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On Nature and Words

Of course there are experiences of landscape that will always resist articulation, and of which words offer only a remote echo—or to which silence is by far the best response. Nature does not name itself. Granite does not self-identify as igneous. Light has no grammar. Language is always late for its subject. Sometimes on the top of a mountain I just say, “Wow.”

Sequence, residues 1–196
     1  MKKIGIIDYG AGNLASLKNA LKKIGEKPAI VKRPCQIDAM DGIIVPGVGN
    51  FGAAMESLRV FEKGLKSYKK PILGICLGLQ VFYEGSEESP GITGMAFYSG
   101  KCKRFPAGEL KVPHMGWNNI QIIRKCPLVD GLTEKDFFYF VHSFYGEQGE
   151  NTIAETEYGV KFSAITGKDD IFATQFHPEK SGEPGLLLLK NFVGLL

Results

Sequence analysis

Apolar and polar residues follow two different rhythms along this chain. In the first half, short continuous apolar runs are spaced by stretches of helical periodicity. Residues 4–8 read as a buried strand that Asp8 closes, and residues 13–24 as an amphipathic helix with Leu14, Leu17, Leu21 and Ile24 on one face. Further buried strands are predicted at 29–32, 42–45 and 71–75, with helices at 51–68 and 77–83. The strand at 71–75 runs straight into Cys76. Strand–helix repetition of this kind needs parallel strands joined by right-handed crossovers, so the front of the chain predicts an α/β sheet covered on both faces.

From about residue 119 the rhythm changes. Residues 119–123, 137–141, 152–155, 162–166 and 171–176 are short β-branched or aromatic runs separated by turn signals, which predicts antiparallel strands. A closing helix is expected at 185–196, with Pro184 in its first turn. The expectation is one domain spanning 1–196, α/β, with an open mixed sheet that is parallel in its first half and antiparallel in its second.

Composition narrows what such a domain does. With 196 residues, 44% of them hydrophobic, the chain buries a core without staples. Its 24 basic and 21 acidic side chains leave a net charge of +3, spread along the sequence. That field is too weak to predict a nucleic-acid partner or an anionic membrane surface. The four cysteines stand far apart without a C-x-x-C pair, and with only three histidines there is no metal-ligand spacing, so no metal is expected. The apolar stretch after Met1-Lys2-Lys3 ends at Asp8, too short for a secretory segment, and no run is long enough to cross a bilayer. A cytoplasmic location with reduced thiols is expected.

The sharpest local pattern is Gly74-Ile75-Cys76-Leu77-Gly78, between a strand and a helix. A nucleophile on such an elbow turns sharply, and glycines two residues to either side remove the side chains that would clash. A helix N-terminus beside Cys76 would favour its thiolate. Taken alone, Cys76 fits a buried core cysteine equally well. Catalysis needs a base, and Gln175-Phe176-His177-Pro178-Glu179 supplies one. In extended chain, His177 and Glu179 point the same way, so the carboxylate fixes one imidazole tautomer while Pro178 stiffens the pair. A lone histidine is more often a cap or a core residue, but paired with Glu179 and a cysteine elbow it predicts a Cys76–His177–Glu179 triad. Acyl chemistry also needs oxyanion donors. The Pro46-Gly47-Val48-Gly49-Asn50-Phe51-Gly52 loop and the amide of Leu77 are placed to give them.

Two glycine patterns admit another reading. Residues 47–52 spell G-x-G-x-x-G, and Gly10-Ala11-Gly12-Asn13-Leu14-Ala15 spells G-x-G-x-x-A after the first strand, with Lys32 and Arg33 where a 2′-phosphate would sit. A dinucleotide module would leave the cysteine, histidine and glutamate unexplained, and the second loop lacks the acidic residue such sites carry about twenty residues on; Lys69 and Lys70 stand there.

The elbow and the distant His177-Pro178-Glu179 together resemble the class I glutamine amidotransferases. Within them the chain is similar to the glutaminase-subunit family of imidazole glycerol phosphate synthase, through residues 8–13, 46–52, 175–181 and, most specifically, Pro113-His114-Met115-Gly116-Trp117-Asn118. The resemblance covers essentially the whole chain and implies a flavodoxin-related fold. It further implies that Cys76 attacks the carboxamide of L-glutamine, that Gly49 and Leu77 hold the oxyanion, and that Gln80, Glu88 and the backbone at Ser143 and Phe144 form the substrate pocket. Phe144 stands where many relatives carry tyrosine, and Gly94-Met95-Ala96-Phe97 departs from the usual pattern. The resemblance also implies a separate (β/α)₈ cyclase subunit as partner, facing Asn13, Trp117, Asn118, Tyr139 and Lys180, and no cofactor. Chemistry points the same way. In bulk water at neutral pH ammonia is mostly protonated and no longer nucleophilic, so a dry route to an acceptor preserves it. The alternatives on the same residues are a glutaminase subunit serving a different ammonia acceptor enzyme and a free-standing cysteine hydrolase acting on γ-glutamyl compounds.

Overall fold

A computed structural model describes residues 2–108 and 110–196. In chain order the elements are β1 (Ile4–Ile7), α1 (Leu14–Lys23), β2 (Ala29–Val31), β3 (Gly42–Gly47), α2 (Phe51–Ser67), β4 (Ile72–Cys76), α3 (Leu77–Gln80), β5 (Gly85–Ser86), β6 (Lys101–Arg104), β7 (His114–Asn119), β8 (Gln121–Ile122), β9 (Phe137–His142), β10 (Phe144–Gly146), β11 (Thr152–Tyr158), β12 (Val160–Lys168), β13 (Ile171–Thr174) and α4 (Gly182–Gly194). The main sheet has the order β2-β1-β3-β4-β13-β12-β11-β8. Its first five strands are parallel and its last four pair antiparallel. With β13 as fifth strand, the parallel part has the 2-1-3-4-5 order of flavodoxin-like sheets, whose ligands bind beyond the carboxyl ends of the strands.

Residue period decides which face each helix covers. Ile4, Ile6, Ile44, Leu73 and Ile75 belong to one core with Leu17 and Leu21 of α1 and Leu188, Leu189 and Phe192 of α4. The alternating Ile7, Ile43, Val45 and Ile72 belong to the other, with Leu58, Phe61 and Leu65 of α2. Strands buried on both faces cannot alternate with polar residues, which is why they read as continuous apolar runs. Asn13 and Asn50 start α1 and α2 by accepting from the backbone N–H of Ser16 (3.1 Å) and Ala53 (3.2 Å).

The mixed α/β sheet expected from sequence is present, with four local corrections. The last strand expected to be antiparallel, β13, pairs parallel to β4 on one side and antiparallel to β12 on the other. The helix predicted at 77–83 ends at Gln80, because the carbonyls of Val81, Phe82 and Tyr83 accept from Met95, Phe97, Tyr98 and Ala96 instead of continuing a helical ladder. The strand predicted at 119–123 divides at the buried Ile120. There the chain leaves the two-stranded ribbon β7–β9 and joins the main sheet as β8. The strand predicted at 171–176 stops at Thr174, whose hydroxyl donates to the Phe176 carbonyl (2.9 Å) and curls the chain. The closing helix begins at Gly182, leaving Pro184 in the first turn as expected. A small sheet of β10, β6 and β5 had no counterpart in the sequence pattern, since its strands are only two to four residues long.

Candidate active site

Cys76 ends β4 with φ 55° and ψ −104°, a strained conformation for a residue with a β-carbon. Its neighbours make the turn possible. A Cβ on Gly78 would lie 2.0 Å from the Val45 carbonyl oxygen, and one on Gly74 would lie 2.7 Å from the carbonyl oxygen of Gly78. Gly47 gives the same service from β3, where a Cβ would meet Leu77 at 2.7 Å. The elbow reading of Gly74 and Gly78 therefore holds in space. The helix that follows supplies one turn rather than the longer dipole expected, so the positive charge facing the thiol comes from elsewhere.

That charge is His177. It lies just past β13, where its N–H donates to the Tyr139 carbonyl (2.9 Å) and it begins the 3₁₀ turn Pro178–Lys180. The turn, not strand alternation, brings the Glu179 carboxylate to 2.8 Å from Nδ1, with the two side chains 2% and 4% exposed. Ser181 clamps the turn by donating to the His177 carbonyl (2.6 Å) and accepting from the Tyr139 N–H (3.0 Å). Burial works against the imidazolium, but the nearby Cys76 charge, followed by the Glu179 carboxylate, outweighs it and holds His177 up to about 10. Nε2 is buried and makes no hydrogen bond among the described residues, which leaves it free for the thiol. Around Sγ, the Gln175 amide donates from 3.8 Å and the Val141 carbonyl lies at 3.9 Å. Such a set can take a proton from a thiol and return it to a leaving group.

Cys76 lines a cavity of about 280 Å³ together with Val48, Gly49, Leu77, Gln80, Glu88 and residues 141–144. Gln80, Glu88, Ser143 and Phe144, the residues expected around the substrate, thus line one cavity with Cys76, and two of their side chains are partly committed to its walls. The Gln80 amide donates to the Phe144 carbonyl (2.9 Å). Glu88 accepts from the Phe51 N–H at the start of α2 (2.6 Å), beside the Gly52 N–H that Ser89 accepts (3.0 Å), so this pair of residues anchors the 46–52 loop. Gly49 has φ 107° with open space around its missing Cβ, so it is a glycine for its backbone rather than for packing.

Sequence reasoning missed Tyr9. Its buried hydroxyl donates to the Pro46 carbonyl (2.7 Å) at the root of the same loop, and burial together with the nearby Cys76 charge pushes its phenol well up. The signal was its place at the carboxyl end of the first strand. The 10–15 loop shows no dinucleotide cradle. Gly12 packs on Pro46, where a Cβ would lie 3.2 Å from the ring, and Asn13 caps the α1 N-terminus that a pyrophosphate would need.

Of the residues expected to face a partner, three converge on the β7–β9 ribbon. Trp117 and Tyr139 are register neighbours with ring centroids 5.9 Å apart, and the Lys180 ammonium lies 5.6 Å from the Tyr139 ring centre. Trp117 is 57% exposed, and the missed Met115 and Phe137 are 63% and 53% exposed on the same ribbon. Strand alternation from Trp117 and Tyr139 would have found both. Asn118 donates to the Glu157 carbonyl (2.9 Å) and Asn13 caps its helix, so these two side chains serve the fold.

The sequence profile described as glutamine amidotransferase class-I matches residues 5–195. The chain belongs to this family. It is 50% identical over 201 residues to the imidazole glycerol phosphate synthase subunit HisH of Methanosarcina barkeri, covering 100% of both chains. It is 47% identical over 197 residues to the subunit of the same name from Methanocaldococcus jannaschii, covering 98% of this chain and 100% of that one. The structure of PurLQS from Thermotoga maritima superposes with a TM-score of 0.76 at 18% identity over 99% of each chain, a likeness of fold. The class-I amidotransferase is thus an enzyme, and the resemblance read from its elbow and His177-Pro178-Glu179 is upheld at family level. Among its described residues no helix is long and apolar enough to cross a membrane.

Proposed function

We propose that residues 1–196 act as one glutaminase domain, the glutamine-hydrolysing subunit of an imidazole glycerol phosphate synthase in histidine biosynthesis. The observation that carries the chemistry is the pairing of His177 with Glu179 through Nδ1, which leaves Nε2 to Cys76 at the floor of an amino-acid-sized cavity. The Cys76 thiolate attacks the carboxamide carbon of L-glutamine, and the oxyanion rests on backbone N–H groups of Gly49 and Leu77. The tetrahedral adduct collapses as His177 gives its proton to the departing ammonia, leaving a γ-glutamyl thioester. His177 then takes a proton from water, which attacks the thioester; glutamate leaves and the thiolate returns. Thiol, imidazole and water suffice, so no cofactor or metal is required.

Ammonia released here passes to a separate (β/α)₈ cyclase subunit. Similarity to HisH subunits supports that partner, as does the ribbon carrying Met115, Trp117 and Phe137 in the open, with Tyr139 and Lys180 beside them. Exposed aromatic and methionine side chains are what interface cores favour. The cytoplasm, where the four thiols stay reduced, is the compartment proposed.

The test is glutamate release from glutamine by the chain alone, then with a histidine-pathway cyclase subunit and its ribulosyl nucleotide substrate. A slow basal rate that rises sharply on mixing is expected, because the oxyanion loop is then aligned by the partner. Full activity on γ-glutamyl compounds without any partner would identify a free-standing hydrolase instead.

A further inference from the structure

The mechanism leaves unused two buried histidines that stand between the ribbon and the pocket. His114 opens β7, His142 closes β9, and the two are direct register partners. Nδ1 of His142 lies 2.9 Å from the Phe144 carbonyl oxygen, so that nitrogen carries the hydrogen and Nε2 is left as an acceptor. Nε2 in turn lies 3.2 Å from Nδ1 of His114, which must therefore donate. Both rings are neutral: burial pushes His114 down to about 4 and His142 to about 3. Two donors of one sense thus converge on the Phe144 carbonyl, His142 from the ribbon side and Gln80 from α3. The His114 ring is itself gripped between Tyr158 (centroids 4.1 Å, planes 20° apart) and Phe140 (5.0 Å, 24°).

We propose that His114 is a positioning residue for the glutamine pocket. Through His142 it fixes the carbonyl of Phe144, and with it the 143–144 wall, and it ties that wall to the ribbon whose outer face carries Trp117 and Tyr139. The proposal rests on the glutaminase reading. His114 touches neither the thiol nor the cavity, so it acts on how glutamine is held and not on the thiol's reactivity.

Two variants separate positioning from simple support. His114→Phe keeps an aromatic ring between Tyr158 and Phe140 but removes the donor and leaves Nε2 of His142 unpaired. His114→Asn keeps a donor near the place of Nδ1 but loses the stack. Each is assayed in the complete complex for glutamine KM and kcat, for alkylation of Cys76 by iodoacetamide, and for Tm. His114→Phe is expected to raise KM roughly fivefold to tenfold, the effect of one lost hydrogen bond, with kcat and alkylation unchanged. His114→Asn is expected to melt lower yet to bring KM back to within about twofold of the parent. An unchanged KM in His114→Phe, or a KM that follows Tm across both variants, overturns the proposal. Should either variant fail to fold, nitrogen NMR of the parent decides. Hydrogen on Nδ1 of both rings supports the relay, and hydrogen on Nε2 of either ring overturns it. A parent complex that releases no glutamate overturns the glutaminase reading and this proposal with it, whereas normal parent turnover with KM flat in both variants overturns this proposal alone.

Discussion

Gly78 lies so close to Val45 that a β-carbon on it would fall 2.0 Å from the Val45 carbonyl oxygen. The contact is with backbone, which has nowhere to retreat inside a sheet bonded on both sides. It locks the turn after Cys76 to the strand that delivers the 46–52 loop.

Robert Macfarlane lives in Cambridge and is author of The Wild Places and The Old Ways. The text that appears here is adapted from his book Landmarks, forthcoming from Trafalgar in June.

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